Is there any particular advantage in decoupling the
get method from the
Future class (where I'd expect it to reside) and to instead force the coder to have to know about this external two-method class called
Is there any particular advantage in decoupling the
getmethod from the
Yes, to make it difficult for the developer to do the wrong thing. A
Future represents a computation which will complete in the future and might not be available at the current invocation point. If you need to block a future, why not execute it synchronously? Whats the point of scheduling it on the threadpool, wasting a perfectly good threadpool thread?
The documentation says:
Blocking outside the Future
As mentioned earlier, blocking on a future is strongly discouraged for the sake of performance and for the prevention of deadlocks. Callbacks and combinators on futures are a preferred way to use their results. However, blocking may be necessary in certain situations and is supported by the Futures and Promises API.
And even the
Await object documentation:
While occasionally useful, e.g. for testing, it is recommended that you avoid Await when possible in favor of callbacks and combinators like onComplete and use in for comprehensions. Await will block the thread on which it runs, and could cause performance and deadlock issues.
You can see that the language designers intentionally wanted this effect.
To provide a bit more history1 on the accepted answer:
When we sat out to formalize the plethora of Future implementations in the Scala ecosystem, we wanted to make sure2 we didn't standardize methods which were known to create problems.
Futurerepresents a value (or the inability to produce said value) divorced from time.
More concretely means that
Future[T] has strictly less information that a simple
T as illustrated by:
//At the line of this comment, there is no `f` val f: Future[T] = … //At the line of this comment, there is an `f` but not necessarily its value of type `T`.
//At the line of this comment, there is no `t` val t: T = … //At the line of this comment, there is a `T`
Why is this important, I hear you say.
Well, if you want to have a method from
T, you are saying: I receive a value which may not be available, and I will return after it is.
This means that the method will have to »pass time« while the value is not yet available, this typically entails blocking the current thread of execution, and since threads of execution is an expensive resource and it typically takes time to go into a blocked state and come back out again3, this is to be avoided.
As if that wasn't enough, it is very easy to get into deadlocks where Futures could not complete since they wouldn't get a Thread to execute on, because all those threads were stuck trying to get that Future's value.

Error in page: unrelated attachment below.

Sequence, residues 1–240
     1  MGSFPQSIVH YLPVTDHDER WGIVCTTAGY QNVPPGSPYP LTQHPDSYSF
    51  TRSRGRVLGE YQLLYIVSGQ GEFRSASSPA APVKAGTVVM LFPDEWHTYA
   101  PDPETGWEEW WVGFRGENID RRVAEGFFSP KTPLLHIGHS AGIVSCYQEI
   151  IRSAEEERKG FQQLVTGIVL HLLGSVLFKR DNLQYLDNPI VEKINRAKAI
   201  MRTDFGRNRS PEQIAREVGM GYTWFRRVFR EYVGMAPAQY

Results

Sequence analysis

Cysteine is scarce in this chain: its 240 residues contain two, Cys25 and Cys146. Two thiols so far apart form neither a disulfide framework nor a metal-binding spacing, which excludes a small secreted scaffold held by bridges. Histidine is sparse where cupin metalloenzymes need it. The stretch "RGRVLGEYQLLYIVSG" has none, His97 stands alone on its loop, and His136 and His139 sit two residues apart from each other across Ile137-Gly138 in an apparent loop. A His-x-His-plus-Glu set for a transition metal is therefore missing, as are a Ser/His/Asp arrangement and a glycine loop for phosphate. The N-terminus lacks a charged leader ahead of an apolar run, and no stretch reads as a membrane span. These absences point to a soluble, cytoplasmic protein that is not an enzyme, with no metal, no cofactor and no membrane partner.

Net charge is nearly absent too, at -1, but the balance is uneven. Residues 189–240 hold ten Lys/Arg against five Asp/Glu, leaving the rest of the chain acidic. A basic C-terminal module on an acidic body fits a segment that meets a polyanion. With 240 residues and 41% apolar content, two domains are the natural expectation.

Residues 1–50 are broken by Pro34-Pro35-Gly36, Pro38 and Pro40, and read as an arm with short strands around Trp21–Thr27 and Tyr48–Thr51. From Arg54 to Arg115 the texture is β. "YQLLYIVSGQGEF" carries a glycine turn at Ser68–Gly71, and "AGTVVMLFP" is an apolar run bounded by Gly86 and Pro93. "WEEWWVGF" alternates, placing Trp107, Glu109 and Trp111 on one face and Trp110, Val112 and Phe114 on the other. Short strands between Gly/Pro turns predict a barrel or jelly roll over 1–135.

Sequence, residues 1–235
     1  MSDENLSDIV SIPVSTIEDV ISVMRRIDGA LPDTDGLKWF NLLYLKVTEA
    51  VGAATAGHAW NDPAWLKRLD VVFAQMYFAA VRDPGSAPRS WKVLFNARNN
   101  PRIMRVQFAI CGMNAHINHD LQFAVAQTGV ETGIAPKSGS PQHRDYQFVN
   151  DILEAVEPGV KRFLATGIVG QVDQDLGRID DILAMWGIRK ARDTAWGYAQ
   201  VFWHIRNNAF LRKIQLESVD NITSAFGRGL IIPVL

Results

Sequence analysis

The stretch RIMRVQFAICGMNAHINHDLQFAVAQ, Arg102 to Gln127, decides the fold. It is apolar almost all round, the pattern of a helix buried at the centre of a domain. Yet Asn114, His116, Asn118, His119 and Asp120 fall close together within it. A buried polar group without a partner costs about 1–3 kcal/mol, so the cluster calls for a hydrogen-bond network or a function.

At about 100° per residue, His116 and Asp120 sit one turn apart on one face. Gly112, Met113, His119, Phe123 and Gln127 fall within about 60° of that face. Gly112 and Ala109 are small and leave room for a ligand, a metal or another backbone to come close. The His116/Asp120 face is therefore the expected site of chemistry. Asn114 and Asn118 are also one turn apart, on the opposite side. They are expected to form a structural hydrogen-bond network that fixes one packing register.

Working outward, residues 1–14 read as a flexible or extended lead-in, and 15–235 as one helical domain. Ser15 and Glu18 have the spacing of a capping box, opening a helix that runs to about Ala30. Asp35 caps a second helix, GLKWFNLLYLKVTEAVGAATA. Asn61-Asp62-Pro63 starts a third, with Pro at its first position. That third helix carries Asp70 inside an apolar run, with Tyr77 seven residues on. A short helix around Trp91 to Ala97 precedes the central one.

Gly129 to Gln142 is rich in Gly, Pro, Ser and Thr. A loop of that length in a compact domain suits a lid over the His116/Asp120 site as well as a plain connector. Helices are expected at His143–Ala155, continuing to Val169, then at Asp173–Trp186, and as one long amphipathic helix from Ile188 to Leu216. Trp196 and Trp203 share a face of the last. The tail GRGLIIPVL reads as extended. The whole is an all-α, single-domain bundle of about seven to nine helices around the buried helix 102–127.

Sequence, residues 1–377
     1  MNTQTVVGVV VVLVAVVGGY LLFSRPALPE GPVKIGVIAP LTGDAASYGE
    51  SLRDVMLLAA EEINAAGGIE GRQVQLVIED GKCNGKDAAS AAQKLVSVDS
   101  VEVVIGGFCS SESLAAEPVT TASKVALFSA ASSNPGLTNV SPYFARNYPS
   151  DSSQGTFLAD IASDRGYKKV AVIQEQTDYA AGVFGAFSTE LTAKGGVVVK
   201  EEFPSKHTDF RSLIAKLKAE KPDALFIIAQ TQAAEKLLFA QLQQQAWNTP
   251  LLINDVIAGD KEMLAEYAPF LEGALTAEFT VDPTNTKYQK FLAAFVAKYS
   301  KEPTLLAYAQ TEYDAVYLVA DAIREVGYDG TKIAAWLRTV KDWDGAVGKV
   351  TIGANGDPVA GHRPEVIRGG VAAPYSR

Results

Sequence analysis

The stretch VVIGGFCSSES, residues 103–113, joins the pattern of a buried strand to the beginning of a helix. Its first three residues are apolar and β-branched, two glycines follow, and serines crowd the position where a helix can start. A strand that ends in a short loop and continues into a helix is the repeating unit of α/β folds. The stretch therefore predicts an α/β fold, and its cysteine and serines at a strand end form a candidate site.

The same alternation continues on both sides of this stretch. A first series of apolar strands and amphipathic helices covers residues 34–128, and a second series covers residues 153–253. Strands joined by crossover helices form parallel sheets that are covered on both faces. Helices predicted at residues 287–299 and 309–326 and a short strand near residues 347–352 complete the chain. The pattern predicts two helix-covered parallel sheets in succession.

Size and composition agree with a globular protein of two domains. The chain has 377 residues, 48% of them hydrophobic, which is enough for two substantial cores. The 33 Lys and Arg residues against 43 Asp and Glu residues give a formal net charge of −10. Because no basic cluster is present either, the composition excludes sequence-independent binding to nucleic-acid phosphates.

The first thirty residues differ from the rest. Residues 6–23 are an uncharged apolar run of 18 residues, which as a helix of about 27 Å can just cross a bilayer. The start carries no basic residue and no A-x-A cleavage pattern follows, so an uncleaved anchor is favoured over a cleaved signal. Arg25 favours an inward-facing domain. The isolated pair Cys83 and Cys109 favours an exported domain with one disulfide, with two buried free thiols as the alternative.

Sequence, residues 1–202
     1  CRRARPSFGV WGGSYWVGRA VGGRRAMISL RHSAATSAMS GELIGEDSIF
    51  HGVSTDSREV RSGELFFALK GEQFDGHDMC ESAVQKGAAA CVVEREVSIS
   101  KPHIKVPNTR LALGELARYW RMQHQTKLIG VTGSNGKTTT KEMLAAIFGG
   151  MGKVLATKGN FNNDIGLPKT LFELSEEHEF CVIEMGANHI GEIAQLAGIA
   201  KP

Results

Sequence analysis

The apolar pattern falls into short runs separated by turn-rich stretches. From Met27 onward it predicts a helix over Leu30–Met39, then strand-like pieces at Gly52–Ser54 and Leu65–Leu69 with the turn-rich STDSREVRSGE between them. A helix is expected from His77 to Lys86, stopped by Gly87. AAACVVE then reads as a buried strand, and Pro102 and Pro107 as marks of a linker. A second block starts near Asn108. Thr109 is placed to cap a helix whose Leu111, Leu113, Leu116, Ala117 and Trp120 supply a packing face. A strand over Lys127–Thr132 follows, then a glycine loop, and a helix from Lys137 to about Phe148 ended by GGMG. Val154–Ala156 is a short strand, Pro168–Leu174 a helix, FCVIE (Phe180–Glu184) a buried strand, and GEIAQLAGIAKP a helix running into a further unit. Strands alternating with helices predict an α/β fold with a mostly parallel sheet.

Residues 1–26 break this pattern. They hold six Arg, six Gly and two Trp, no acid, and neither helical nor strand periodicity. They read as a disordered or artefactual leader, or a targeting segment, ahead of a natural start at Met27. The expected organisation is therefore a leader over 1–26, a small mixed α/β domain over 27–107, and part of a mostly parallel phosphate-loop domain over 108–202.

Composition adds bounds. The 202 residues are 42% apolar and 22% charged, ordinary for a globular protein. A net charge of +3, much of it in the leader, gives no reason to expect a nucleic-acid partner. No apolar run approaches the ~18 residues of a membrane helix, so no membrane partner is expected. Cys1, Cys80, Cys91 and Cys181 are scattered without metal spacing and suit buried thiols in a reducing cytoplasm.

Furthermore, we realized that whenever a Future implementation had a «blocking get» operation, many users would invoke it without realizing what effect it would have on their programs until it created problems in production, since it is deceptively simple to call, but its cost is nowhere to be seen until too late.
So we decided to promote the programming style which doesn't require blocking, such as callbacks4 and transformations5 to reduce risk of deadlocks and poor performance.
We figured that if we were to completely omit the capability to block to get a result from a Future, the end result would be that everyone would reinvent it, and possibly with varying quality.
We also found that if we made the capability of waiting a concrete thing we got the following benefits:
- The API looks the same for all
- It's easy to code review for/against
- It's easy to forbid/allow, using tooling
- We can hook into the notion of
blockingto try to perform evasive actions to mitigate deadlocks, forbid it at runtime, log it, time it, etc.
So there you have it!
1 Being a co-creator of SIP-14 "Futures and Promises" and maintainer of it since.
2 As sure as you can ever be when it comes to APIs…
3 Thread wakeup lag can effectively limit processing to between 1k-10kops/s.
4 We are also increasingly de-emphasizing the use of callbacks, instead promoting to the use of transformation combinators, see this blog series I wrote for Scala 2.12 Futures.
recoverWith, and more recently
get on Futures
There is a
.get on Futures provided since the first implementation in the Scala standard lib.
It is somewhat hidden though:
scala> val f = Future("test") f: scala.concurrent.Future[String] = Success(test) scala> f.value.get res5: scala.util.Try[String] = Success(test)
The downside of using this though is that it will throw an exception if the future has not yet returned.
scala> Future("test").value.get res7: scala.util.Try[String] = Success(test) scala> Future("test").value.get java.util.NoSuchElementException: None.get at scala.None$.get(Option.scala:347) at scala.None$.get(Option.scala:345) ... 32 elided
Await.result and not
Adding to @YuvalsItzchakov's excellent answer:
The idea of using
Future i to make the asynchronicity visible in to the type system and all coders showing that using this concept special rules apply and caution needs to be taken.
As it is an Applicative Functor you have a really is and straightforward way to work with the values by using
foreach and also the means to chain them with
The only thing which is by intention not builtin is how to "unfuture" a
Future while keeping special time dependant configurable waiting rules in place.
This would roughly describe what
Await.result would do.